As Prepared for Delivery
Good afternoon, everyone. It’s a privilege to welcome you to the Treasury Department for today’s historic ceremony.
I want to particularly welcome the Tribal leaders and community members who are here with us today. Whether you are joining in person or virtually, thank you for being a part of today’s event.
I would like to acknowledge Interior Secretary Haaland and members of the Treasury Tribal Advisory Committee for being with us today. Former Treasurer Rosie Rios, welcome back to the Treasury Department. And of course, a special welcome to Chief Malerba’s family, who is here with us.
One of the great joys of my job is getting to swear exceptional leaders into office. Not only because I gain a new colleague. But because the oath that they take is a sacred reminder to all of us that we assume the offices of public trust for one reason: to help and serve the public.
And sometimes, we also get to make history.
Today, we are swearing in Chief Lynn Malerba as the next Treasurer of the United States. Appointed by President Biden, Chief Malerba is the first Native American to serve as Treasurer. Soon – for the first time in our history – a Native woman’s signature will be on our nation’s currency.
Since 1775 – even before the establishment of the Treasury Department – the Treasurer has served a critical role in safeguarding our nation’s economic wellbeing.1 In recent decades, the Treasurer has worked closely with the talented leadership and professionals at the U.S. Mint, the Bureau of Engraving and Printing, and other key institutions. The Treasurer has also been a key liaison to underserved communities across the country on matters of financial security and economic inclusion. These responsibilities are broad and important.
Yet Chief Malerba is taking on even more. She is leading the newly established Office of Tribal and Native Affairs, which is charged with coordinating Tribal policy and engagement across the Department.
We are establishing this office with Chief Malerba at the helm because we know that – for all our progress – there is more work to do to strengthen our nation-to-nation relationship with Tribal governments. Even before the pandemic hit, the poverty rate for Native Americans was twice the national average.2 Tribal citizens had a higher unemployment rate than any other racial group.3 These economic disparities were rooted in prior federal policy, and they were only exacerbated by COVID-19.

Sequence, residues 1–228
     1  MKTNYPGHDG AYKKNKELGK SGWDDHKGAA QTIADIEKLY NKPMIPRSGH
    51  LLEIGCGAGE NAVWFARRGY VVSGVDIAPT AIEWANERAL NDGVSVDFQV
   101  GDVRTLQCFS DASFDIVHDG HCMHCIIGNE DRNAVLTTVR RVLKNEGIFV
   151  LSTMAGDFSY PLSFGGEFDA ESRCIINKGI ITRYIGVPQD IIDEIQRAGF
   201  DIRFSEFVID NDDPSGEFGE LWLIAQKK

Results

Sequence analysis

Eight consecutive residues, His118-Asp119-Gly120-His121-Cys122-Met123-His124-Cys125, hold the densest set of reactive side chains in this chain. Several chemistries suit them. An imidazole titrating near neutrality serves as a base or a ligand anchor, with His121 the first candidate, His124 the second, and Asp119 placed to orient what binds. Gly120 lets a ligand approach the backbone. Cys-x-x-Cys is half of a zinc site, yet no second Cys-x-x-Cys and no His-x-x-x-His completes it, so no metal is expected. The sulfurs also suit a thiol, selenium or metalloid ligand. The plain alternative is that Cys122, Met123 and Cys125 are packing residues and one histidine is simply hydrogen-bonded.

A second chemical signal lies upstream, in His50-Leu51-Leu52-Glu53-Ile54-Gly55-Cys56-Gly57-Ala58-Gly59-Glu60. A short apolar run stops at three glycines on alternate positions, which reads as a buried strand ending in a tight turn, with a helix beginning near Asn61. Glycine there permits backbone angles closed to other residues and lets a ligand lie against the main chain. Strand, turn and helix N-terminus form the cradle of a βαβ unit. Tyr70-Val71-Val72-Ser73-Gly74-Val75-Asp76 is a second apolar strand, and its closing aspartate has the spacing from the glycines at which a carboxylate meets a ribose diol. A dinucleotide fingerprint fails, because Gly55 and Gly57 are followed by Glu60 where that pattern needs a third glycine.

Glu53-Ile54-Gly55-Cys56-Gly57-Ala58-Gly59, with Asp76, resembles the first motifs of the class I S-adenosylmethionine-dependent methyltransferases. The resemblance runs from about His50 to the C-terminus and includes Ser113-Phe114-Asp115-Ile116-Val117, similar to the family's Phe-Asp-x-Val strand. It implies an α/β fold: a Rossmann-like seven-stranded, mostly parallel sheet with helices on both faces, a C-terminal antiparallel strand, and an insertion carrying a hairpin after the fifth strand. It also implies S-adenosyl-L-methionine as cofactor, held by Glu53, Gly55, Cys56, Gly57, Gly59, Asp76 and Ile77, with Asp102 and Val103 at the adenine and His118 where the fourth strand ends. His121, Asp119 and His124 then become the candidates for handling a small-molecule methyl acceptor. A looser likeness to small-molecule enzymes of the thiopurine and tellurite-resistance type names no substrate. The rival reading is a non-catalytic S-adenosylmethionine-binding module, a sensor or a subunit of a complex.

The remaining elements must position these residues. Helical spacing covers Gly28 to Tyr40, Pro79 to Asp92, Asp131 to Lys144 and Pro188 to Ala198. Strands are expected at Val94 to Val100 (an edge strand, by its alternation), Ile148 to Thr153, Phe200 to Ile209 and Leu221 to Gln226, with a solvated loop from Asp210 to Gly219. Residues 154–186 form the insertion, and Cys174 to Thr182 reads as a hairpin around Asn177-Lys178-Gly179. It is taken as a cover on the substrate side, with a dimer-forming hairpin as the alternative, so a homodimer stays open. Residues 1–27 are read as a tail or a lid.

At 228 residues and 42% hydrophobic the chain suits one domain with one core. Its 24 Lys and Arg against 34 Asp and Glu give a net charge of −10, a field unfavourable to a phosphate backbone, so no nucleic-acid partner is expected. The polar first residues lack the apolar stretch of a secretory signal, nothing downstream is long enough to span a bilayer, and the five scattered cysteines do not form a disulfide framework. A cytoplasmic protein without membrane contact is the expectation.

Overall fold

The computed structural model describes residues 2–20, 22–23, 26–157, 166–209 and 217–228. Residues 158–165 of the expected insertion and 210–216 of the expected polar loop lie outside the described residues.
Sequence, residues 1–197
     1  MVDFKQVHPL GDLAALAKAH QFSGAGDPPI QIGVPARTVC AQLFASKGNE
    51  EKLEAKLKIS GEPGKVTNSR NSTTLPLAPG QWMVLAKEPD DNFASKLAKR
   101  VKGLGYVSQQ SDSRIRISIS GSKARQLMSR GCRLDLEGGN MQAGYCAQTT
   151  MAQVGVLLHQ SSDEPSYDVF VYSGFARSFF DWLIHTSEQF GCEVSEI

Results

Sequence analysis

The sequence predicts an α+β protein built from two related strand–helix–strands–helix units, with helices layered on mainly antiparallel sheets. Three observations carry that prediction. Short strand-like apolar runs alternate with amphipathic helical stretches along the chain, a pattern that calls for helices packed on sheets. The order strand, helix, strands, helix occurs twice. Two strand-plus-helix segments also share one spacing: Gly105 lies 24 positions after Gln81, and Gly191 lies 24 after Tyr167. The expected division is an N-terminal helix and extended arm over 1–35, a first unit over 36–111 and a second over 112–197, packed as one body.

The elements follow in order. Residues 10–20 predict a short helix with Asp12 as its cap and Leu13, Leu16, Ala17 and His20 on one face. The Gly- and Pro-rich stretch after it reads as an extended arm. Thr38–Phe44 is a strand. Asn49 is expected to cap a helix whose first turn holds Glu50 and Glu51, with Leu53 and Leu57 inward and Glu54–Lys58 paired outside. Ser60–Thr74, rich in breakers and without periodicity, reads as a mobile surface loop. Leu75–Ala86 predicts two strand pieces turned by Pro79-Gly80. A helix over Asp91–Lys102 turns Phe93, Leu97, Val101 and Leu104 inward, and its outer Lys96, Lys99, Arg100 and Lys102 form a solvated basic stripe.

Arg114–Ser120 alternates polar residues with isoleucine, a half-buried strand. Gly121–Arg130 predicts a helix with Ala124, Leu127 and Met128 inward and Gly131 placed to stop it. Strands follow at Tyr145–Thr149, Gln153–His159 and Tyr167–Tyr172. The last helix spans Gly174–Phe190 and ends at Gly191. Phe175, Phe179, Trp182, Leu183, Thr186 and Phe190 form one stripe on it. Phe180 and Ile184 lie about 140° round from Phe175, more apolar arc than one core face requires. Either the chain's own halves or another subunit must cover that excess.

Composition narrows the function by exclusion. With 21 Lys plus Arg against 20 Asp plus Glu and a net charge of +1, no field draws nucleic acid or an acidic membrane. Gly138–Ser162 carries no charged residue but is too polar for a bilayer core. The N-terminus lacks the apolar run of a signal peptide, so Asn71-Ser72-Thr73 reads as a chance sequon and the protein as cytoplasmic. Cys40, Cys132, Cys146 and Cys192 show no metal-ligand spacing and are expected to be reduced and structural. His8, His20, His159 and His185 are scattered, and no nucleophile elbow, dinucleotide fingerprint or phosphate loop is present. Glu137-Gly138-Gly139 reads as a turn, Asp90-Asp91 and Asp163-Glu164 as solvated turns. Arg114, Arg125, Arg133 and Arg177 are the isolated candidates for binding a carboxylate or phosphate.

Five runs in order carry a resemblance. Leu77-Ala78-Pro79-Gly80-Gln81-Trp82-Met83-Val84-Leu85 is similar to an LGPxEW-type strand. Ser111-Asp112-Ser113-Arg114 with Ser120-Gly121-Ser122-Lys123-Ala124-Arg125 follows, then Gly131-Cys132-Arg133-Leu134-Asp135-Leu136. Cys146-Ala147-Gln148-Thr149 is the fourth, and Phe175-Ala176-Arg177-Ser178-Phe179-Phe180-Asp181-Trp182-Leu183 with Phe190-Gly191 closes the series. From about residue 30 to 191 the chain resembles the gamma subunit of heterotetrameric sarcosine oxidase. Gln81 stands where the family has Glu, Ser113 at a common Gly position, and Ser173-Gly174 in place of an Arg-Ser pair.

I believe we currently stand at an important moment in the relationship between the federal government and Indian Country. In the two and a half years since the pandemic hit, the Treasury Department has been tasked with distributing a historic amount of relief and investment into Tribal nations – including over $30 billion in direct aid to Tribal governments. As I saw in my visit to the Rosebud Indian Reservation in June, these funds have literally saved lives by helping fight the pandemic. They have also addressed longstanding needs in Tribal communities, such as affordable housing and broadband access.
But just as important as what we did was how we did it. As we invested in Tribal communities, we sought to strengthen the trust between Treasury and Indian Country by expanding our direct engagement. And through these engagements, we listened. The feedback that we received from Tribal leaders improved the design and execution of our recovery programs.
The new Office of Tribal and Native Affairs will build on this progress. We have staffed the office with Tribal citizens who have worked over the past year and a half to administer recovery programs. This office will serve as a hub for Treasury’s portfolio of issues related to Indian Country. It will lead Treasury’s nation-to-nation diplomacy on issues regarding the economic security of Tribal nations. It will provide expertise internally across policy offices and Bureaus, and push for increased interagency collaboration and cooperation on Tribal economic development.
The office is a key part of the historic actions that the Biden administration has taken to support Tribal communities. The administration’s approach is rooted in our respect for – and commitment toward – our nation-to-nation relationship, trust and treaty responsibilities, and Tribal sovereignty and self-determination.
There are few more suited for the challenge of leading this office than Chief Malerba.
As many of you know, Chief Malerba is the 18th and lifetime chief of the Mohegan Tribe. She made history as the first woman chief in the Tribe’s modern history. And even as we welcome her into this new role, I am glad to say that Chief Malerba is no stranger to Treasury. Chief Malerba was an inaugural member of Treasury’s Tribal Advisory Committee, a seven-member committee that advises the Treasury Secretary on Tribal taxation and related issues. I have greatly appreciated her advice in that role. And I am grateful to have even more of her counsel in this new one.
Chief Malerba – congratulations on your appointment to this office. I am looking forward to working together to build a strong and inclusive economy that works for everyone.
Now, I invite your family to join me on stage for the administering of the oath of office.